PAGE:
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Refusing to fold
By SHARON BOND
Revised August 31, 2000
© St. Petersburg Times, published August 9, 2000
ST. PETERSBURG -- Paper goods are among the commodities that could be threatened by the ubiquity of computers, what with correspondence zipping along e-mail lines and consumers creating at home things they used to buy, such as invitations and birth announcements.
Several local paper goods merchants say that isn't the case, however.
"I think modern life, the faster it gets, the more some of us kind of yearn for things people did when we had more time," said Barbara Jernigan, who owns Festive Occasions, 6340 Central Ave. "It's made people want traditional things."
Traditional things do not include invitations made by computer. Ms. Jernigan said she is selling more engraved paper now than she used to.
"People are buying something they know isn't going to be confused with something you could do at home on a computer," she said.
Sales of letter paper declined in the mid 1990s, Ms. Jernigan said. "What we may lose in selling letter paper, we have more than made up in invitation stock."
She thinks people who might have called up friends to invite them to a gathering now use computers to create invitations, but those who send invitations still use paperies.
In polite society, some things require written correspondence, Ms. Jernigan believes. "I would never send somebody who had given me a nice gift an e-mail thank-you."
Festive Occasions is in its 25th year of operation. Ms. Jernigan has owned it since 1991.
Janice Bennett has owned the Write Place, at 2900 Fourth St. N, for 14 years. She said the Internet and e-mail have had no effect on her business.
"I've already had people in for Christmas and holiday parties," she said, talking about orders of invitations. "I have a lot of corporate accounts, and I do a lot of birth announcements."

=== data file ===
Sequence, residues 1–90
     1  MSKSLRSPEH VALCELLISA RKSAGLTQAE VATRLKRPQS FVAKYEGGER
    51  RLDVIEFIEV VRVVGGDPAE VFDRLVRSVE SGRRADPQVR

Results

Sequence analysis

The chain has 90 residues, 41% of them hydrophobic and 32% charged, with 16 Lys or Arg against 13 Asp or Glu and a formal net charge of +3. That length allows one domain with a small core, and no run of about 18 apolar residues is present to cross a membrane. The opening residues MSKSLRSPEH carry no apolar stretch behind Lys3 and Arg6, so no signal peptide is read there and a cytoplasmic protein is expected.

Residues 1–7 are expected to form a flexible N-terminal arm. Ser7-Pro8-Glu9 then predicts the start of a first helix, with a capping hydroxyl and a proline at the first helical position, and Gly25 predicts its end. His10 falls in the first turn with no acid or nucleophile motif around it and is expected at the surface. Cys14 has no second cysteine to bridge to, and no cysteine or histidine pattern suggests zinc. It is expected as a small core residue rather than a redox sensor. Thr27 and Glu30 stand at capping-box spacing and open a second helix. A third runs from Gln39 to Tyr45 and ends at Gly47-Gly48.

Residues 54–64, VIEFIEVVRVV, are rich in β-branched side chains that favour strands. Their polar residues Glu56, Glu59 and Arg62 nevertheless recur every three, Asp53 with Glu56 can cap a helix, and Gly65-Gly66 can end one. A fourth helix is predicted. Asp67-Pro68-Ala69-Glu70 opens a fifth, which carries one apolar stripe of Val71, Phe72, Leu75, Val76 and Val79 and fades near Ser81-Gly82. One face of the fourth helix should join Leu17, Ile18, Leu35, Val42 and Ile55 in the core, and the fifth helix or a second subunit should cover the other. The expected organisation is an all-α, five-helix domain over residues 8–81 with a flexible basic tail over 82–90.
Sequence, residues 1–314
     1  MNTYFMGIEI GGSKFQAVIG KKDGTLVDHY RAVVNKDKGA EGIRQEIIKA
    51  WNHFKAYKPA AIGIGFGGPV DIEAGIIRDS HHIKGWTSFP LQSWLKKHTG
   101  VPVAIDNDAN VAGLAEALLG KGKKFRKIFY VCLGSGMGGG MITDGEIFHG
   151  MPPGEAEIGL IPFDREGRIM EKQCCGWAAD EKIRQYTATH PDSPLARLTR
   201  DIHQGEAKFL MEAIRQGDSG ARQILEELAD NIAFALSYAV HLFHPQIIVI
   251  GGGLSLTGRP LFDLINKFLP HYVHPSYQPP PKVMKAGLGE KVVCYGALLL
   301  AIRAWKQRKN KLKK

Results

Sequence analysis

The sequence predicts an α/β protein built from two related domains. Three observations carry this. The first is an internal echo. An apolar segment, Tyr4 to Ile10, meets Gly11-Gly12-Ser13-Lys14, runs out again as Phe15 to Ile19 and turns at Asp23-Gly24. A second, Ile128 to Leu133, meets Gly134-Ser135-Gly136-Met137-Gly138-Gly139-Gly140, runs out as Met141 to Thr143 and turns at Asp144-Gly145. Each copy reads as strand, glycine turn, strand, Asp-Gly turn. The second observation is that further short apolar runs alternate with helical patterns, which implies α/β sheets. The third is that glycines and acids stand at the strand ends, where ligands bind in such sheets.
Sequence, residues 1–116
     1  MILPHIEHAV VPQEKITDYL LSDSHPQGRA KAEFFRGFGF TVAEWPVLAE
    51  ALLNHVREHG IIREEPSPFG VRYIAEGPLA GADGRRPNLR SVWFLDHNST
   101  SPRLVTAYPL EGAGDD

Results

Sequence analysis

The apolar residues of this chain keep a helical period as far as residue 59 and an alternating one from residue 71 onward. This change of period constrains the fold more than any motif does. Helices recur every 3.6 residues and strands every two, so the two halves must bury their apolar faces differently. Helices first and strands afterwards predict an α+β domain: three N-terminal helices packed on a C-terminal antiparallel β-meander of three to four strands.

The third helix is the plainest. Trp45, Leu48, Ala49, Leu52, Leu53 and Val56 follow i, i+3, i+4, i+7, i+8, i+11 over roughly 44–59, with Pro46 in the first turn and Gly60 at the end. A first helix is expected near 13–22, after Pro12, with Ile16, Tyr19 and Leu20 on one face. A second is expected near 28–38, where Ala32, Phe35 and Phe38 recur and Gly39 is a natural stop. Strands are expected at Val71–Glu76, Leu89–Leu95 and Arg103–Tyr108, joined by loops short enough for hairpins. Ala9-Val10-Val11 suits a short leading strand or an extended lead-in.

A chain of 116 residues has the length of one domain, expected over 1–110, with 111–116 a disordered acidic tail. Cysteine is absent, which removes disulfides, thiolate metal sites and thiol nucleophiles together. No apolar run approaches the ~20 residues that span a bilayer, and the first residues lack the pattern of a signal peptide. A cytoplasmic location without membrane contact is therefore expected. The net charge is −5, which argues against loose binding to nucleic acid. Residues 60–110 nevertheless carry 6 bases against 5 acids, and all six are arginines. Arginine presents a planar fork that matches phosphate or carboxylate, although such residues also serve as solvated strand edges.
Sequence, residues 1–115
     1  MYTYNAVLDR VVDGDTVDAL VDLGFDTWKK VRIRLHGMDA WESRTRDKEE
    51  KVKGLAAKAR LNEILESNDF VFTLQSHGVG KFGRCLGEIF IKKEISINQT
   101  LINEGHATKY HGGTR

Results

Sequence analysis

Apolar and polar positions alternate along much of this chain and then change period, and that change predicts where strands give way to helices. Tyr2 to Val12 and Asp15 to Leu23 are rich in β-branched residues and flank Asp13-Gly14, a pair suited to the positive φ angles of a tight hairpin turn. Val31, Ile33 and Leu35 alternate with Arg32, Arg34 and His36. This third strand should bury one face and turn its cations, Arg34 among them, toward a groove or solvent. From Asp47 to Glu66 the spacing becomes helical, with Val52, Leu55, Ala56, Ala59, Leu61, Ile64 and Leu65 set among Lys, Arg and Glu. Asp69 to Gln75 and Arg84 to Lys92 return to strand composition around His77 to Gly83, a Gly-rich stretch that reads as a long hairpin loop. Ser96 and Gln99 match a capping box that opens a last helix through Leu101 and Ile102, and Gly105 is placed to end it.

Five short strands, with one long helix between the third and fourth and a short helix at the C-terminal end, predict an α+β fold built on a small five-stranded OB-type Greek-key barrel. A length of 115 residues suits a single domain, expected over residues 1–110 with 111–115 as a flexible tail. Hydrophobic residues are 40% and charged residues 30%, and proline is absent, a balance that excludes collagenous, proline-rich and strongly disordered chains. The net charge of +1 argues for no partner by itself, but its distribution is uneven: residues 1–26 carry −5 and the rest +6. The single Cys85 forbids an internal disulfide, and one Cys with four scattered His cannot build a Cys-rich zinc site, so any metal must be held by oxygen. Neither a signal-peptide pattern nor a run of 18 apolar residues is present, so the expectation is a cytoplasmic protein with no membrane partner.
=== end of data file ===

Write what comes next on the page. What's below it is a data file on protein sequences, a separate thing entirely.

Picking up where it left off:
Bennett said she also has customers who order personalized stationery. "Every month I reorder, lots of monograms and some with just names."
Paper sales now are a bigger percentage of her business than in the beginning, Bennett said.
Yun Stanton, co-owner along with Julie Brannon, of Beach Drive Papery, 154 Beach Drive NE, said about 50 percent of their business is in party and wedding invitations and birth announcements. They see no slowdown in the computer age.
"People know if what they are doing looks good," Mrs. Stanton said. "When you look at the ones they did at home, you can tell the wording, time and place are not right. They just don't look right."
Beach Drive Papery is eight years old, Mrs. Stanton said. She worked there as a part timer until four years ago. She and Julie Brannon now own the store together.
They sell regular stationery that some people personalize on their home computers. They also sell materials such as buttons or ribbon so people can create their own decorated stationery.
For those who plan to use computers, Beach Drive Papery tries to help.
"We do have a lot of customers who come in the store and buy blank stock. We help them with the wording and then they do it on their own," Mrs. Stanton said.
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